Lawmakers try to give owners crack at regaining dealerships
Published: Wednesday, July 1, 2009 at 6:01 a.m.
Last Modified: Tuesday, June 30, 2009 at 11:23 p.m.
When financial trouble forced General Motors to set adrift hundreds of its dealers in May, the sting was felt in High Springs, where Jim Douglas Chevrolet was forced to surrender its GM franchise.
But federal lawmakers, including two who represent Alachua County and North Central Florida, are trying to give owners like Jim Douglas a crack at regaining their dealerships.
U.S. Rep. Daniel Maffei, D-N.Y., recently filed a bill that would require Chrysler and GM, two companies that have received government bailouts, to honor franchise agreements that were in effect when both companies filed for bankruptcy.
The bill also would require both automakers, to reinstate those franchise agreements at the request of the jilted dealers.
Rep. Cliff Stearns, R-Ocala, last week became one of 77 House Republicans to co-sponsor Maffei's bill.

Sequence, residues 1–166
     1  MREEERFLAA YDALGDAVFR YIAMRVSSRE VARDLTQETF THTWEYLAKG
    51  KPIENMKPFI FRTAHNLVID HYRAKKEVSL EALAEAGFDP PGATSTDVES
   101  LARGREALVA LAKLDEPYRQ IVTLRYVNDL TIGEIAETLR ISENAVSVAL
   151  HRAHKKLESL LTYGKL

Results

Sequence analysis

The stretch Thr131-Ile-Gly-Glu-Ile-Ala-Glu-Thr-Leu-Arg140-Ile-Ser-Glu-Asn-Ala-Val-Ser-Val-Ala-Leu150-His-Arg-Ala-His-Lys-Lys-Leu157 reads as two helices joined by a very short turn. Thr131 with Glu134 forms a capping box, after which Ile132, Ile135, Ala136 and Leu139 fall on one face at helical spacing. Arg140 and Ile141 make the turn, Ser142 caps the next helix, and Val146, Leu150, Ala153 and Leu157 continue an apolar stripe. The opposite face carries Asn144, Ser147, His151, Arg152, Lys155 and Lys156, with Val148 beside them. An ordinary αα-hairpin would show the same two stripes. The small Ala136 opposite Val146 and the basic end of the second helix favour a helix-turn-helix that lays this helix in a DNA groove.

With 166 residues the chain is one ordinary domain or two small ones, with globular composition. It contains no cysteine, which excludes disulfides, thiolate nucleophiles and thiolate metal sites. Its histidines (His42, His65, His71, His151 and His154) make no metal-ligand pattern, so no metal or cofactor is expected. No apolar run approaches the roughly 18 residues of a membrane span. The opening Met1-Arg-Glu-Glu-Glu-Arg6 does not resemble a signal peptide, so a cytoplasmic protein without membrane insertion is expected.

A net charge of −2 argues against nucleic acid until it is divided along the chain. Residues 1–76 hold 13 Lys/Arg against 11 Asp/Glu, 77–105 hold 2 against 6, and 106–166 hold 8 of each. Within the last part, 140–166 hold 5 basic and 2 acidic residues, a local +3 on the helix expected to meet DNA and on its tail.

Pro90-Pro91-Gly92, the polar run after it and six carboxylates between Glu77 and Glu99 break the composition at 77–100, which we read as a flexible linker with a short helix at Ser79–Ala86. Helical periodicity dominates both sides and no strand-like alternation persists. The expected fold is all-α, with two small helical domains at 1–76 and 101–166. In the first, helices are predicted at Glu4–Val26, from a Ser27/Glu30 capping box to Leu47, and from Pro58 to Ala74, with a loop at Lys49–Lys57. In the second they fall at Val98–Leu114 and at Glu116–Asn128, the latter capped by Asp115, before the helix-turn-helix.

"General Motors and Chrysler have announced their intention to arbitrarily end their relationships with thousands of auto dealerships throughout the nation. This was done without any transparency, due process, recourse, or a transition period to settle their financial situation," Stearns said in a prepared statement.
The measure also has 125 Democratic supporters, including Rep. Corrine Brown of Jacksonville, who represents eastern Alachua County.
Jim Forrester, one owner of Jim Douglas Chevrolet of High Springs, which started selling used cars after GM closed it, said he is looking for another franchise but would welcome a chance to get the GM franchise back.
"I don't think what they did was right," Forrester said. "I'm disappointed we have to have the government to step in to fix a problem that they created to start with. I would want to have an opportunity to have my dealership reinstated."
Forrester was told the franchise's performance was "substandard" in a letter, although that was not defined. He believes the federal government mandated the criteria for closings for GM.
"I had to believe that meant that they felt only one GM dealer in Alachua County could make it," he said. "I wish they had told me that 83 years ago when we started. We wouldn't have wasted our time. We're looking for another franchise, hopefully not somebody involved with the U.S. government."
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